“This year, we bought 15l of Deletex and fogged for only 10 to 14 days. I still have 11l left. “So it’s saved us money and time. We don’t have the hassle of managing the fogger and the flow of cattle through the fogger.” While the wasps add a cost onto the pest control bill, Beater is pleased with the results. “We’ve seen a definite decline in the fly population, but equally important, we’ve reduced pesticide applications, so we shouldn’t have problems with flies developing pesticide resistance.”
Less pesticide use means healthier cows. US research has shown that pyrethroids can have a negative effect on cow fertility. In addition, the Ferndale animals, particularly the calves, appear to be having fewer eye problems than before. One of the clearest signs of the IPM programme’s success is the fact that the Ferndale herd of 690 Holsteins and Swedish Reds, which produces on average six million litres of milk a year, has shown a steady drop in incidents of mastitis and bulk tank SCCs.
Ferndale has been owned by the Beater family for more than 90 years but the family is in the process of selling the farm.
“Our younger generation is not interesting in coming back to the farm so we are planning our exit,” explains Rodney. “We would encourage the new owners, though, to continue with the programme. It certainly is a fantastic concept. I’d never envisage dairy farming now without biological fly control.”
An holistic approach
The release of wasps should occur as part of an holistic IPM programme, which combines the responsible application of pesticides with good animal husbandry. The dairy operation should be kept as clean and dry as possible to eliminate potential fly-breeding areas. Ensure good drainage, remove manure and organic matter such as bedding from around the parlour and calf-rearing areas, increase fly baiting during rainy periods, and collect parlour effluent in adequately designed and managed slurry dams.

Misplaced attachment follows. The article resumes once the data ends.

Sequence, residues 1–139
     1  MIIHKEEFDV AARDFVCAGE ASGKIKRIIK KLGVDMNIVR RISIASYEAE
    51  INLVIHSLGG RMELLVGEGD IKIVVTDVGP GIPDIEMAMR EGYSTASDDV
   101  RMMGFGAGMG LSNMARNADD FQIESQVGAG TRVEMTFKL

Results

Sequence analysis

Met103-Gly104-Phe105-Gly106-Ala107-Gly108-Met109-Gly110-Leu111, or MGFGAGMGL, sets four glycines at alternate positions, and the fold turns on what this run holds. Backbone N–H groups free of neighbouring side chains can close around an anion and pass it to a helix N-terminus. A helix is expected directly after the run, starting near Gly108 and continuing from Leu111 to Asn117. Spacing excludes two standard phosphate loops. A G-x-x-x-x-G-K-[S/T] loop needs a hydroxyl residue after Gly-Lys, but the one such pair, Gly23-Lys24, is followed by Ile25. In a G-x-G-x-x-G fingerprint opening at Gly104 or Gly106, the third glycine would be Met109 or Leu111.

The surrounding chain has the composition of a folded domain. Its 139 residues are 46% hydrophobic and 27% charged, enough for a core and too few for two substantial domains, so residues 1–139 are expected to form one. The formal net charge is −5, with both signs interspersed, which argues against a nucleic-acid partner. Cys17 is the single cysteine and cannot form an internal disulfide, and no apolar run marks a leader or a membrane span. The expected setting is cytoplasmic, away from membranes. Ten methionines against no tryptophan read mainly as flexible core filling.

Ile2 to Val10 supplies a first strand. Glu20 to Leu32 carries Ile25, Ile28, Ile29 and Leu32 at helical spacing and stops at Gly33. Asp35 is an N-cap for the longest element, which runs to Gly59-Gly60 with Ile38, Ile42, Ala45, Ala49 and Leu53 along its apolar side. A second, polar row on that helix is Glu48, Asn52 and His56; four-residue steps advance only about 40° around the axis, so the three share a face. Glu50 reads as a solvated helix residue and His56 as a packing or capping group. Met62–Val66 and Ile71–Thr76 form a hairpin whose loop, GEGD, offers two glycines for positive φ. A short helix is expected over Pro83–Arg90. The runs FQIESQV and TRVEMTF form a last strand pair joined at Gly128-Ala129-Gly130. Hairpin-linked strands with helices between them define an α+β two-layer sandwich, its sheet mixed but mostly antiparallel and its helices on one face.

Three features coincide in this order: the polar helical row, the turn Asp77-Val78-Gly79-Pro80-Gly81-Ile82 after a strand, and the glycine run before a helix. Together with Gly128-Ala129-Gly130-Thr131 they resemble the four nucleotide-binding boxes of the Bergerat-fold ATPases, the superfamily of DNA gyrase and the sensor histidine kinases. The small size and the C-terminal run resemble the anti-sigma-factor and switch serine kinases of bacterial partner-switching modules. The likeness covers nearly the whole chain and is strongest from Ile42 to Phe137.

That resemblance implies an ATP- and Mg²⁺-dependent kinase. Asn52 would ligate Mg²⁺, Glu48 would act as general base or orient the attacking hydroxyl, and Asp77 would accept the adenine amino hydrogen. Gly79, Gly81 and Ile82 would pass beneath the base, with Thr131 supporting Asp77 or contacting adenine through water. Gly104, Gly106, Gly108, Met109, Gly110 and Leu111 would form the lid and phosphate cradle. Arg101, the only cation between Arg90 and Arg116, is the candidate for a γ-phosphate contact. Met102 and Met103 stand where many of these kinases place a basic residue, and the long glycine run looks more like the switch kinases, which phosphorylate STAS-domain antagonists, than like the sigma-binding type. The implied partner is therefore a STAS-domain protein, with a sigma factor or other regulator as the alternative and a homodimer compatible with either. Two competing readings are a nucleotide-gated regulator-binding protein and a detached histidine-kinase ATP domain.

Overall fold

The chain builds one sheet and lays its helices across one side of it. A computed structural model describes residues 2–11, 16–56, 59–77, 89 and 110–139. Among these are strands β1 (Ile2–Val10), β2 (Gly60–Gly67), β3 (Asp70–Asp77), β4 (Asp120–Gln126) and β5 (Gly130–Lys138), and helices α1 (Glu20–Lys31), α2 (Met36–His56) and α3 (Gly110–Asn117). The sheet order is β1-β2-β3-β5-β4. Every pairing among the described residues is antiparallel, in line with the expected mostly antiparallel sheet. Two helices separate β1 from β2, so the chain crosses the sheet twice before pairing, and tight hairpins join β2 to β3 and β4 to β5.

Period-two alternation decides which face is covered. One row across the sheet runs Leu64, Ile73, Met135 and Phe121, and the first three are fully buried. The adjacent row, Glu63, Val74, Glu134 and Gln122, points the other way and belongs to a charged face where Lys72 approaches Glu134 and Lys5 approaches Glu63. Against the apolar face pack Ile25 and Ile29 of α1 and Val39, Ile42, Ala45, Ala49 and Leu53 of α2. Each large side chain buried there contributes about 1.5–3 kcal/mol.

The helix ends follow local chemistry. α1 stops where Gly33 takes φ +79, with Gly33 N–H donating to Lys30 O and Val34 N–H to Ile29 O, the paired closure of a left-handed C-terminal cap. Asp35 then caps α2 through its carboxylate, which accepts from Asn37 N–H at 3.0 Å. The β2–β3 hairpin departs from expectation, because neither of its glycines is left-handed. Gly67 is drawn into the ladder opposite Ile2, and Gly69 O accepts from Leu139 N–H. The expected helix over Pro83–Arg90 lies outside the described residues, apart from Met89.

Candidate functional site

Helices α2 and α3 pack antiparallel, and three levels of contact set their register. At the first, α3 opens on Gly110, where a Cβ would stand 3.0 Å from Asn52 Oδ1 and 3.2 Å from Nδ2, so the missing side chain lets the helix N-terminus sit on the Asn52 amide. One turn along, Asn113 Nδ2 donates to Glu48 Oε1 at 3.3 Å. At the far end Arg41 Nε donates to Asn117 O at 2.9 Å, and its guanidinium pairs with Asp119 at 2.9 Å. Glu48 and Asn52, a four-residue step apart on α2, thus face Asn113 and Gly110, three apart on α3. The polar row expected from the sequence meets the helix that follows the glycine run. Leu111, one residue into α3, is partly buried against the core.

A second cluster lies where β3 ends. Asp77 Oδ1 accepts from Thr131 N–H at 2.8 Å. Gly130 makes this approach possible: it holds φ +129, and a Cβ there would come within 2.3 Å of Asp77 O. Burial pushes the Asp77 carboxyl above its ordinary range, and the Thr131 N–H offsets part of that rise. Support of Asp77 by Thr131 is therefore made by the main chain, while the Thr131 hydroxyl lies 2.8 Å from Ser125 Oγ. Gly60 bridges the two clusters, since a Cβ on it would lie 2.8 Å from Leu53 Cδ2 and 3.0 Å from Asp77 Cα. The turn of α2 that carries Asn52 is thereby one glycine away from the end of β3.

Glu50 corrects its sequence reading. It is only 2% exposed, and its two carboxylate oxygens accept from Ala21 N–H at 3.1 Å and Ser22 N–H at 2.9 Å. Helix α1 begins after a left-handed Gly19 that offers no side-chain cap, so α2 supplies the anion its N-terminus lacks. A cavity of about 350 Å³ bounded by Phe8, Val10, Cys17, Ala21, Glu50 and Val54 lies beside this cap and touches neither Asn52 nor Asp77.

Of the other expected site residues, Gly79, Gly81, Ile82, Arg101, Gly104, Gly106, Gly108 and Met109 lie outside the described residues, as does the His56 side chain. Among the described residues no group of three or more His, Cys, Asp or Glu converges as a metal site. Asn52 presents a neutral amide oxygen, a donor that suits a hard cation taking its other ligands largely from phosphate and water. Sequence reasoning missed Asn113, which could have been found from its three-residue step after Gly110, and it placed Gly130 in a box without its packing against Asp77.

With fly larvae and pupae taken care of by the wasps, adult fly populations can be controlled with the strategic use of fly traps, baits and surface sprays. “Position pheromone traps no higher than 1m off the ground around the perimeter of animal holding areas such as calf pens and cow camps. The traps must be correctly managed and maintained,” advises Dr Vincent Turner, consultant in udder health and preventive medicine.
Chemical baits and sprays for adult fly knock-down should be rotated using different active ingredients every nine to 12 months to minimise the development of resistance. “Granular baits should be sprinkled lightly in strategic areas. Residual surface sprays must be applied monthly on walls, roof eaves and trees where flies roost in the early morning or in the shade in the heat of the day,” says Turner.